"The Bone-headed League" is a short story by Lee Child set in modern day London with an ardent student of The Canon being caught up in an investigation that echoes with the tone of "The Red-Headed League." "The Startling Events in the Electrified City" is a novella that relates Holmes' and Watson's involvement in the assassination of President McKinley at the 1901 Pan-American Exposition in Buffalo, New York. It provides an excellent explanation of the political effects of this event. "The Mysterious Case of the Unwritten Short Story" is an illustrated `commentary' of uncertain length and content by Colin Cotterill. It does mention Sherlock Holmes and Baker Street several times (at least twice!) and is almost surely related to some sort of Sherlockian narrative, I think! "The Case of Death and Honey" is a short novella by Neil Gaiman that once more displays his true mastery of Sherlockian fiction. It mingles the story of old Gao's mean and lazy bees and the old white ghost man with that of Professor Presbury and his experiments.

"A Triumph of Logic" is a short novella by Gayle Lynds and John Sheldon. It relates an unofficial investigation by a Maine lawyer and judge into the suicide of a court recorder. "The Last of Sheila-Locke Holmes" is a short story by Laura Lippman that relates a Holmesian episode in growing up for an eleven-year-old girl. "The Adventure of the Concert Pianist" is a short story by Margaret Maron that describes a joint investigation by Dr. Watson and Mrs. Hudson just prior to "The Adventure of the Empty House." It also contains several interesting comments of one sort or another by Mrs. Hudson.. "The Shadow Not Cast" is a novella by Lionel Chetwynd about a modern-day Sherlock Holmes. It is brimming over with interesting characters, ideas and situations, topped off by a true Holmes sound-alike.

"The Eyak Interpreter" is a short story by Dana Stabenow that features her native Alaskan private detective, Kate Shugak, in a story reminiscent of "The Greek Interpreter." "The Case That Holmes Lost" is a short story by Charles Todd. It tells of an instance where Doyle's publication of a new Holmes story is snarled by a frivolous lawsuit brought against Holmes. The details are a bit confusing, but intriguing. "The Imitator" is a novella by Jan Burke that tells of the tribulations of a number of American veterans, including a Holmes imitator, just after WW-I. The characters are well-drawn and believable, as is their common understanding of one another across the decades. "A Spot of Detection" is a novella by Jacqueline Winsper that describes the first foray into detection by an American boy at school in England in the early 1900s. He is fortunate that he encounters a sympathetic police inspector.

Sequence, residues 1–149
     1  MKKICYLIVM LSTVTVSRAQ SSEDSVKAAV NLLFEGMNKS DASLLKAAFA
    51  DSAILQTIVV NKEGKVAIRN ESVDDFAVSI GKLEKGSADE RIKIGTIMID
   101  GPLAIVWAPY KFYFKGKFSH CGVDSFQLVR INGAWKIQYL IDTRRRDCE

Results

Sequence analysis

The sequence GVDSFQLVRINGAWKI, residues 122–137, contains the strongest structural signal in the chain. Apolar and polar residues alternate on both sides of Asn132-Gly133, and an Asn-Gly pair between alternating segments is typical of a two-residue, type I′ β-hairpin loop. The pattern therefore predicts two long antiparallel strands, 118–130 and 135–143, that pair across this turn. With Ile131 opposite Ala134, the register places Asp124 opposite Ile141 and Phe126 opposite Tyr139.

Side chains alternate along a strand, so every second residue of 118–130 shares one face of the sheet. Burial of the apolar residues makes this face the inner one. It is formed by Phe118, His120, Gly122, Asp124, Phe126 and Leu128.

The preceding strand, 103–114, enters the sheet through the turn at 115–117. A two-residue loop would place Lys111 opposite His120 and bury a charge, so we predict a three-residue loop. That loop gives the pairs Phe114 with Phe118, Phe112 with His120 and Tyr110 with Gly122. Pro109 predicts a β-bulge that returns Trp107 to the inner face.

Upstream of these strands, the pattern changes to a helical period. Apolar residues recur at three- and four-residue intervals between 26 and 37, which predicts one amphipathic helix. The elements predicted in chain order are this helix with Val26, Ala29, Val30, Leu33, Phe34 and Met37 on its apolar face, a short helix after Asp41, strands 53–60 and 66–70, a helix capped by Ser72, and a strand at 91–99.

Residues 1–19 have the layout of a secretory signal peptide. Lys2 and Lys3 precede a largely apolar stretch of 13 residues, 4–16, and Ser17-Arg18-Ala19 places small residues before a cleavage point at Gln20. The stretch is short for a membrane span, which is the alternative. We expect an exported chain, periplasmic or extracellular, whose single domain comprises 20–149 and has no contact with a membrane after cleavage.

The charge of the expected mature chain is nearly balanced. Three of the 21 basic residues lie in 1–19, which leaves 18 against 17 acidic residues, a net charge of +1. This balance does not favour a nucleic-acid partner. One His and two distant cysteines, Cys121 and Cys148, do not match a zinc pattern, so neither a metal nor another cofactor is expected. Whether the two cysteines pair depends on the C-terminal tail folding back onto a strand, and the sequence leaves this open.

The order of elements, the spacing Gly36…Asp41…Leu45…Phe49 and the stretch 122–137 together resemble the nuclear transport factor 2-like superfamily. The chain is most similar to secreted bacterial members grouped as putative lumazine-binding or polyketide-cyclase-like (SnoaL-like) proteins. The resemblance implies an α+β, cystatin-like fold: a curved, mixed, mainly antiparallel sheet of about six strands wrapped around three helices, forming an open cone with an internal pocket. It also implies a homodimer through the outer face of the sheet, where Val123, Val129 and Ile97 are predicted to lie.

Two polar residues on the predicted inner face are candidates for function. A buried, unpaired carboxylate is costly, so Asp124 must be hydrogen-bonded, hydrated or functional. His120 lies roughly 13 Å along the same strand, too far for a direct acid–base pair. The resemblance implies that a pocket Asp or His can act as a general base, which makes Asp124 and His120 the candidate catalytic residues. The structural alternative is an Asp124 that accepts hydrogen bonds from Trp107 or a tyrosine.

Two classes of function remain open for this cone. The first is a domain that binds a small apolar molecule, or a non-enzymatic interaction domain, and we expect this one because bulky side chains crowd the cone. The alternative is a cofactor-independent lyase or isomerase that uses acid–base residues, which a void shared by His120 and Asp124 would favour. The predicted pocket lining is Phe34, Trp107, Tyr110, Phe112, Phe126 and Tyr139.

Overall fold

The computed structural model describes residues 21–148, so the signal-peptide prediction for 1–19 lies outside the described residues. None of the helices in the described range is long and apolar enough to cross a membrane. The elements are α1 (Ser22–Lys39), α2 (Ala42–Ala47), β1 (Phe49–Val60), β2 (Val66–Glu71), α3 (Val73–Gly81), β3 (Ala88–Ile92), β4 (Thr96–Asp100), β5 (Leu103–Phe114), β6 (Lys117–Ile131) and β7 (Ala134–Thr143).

This collection features efforts by a number of very talented authors. They take the tales and characters and the ideas of the Canon into new worlds and times and, in doing so, they demonstrate the truly timeless nature of the Canon and the Great Detective. Their detectives are the offspring of Doyle's creation. The single problem I see with this collection seems to be that only the illustrated story and a few others present hopeful or pleasant endings. There doesn't seem to be much humor, hope or happiness in this group of Sherlock-inspired tales, not even a comfortable seat by the fire with a glass.

Reviewed by: Philip K. Jones, November 2011
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on 14 December 2011
For "A Study in Sherlock: Stories Inspired by the Holmes Canon" Laurie R King and Leslie S Klinger have collected seventeen new, original, and very different tales from authors as diverse as Lee Child, Jacqueline Winspear and Neil Gaiman. All the contributors are highly successful writers, mostly of crime fiction - apart from Jerry Margolin BSI, who collaborates with his brother Phillip in a story about rabid collectors of Sherlockian artwork, which is Jerry's own specialism. Actually, that gives an indication of what makes this collection different - and successful. These are not, for the most part, stories about Sherlock Holmes: as the subtitle says, they're stories inspired by Sherlock Holmes. Lee Child and S J Rozan each reinvent a classic case. Colin Cotterill provides a very funny comic strip explaining why he's not qualified to contribute. Tony Broadbent rather brilliantly brings Holmes and Watson to present-day London, in a quite different way from Sherlock. Equally dazzling is Neil Gaiman's tale of Holmes and bees in China. There isn't a dud here.
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on 28 December 2011
Quickly put, whether you embrace or deride the more-modern takes on the Holmes canon that present themselves in a small way in this collection, even the more traditional tales here strike a average note. Sometimes a good average, but more often lacklustre efforts abound. "A Study in Sherlock" presents a series of new Sherlock tales which range from the serviceable, but on this occassion, sadly unremarkable Alan Bradley's effort, to a passable Lee Child short, an authentic but dull effort by Thomas Perry and the sheerly brown-nosing affair by Tony Broadbent. The most ingenious story here, so far, is the 'Men with the Twisted Lips', which is a re-telling from the other protagonists point of view, of the classic Conan Doyle story. I've still half the book to read and only can hope it generally improves overall, but at the end of page 168, an atrociously drawn cartoon by Colin Cotterill, I'm not sanguine at all.
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on 20 November 2011
Completely in love with this already, can't wait to get to Neil Gaiman's contribution.
I had this on pre-order, but it never arrived. I contacted Amazon and they sent me another, free of charge and first class delivery. I haven't been able to put it down since.
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on 28 November 2011
The quality varies from very good to very poor, some stories are not even about Holmes. Some are clearly writers devoted to the Holmes genre, others are not. I was disappointed with this book, it is one of the poorest collections on offer.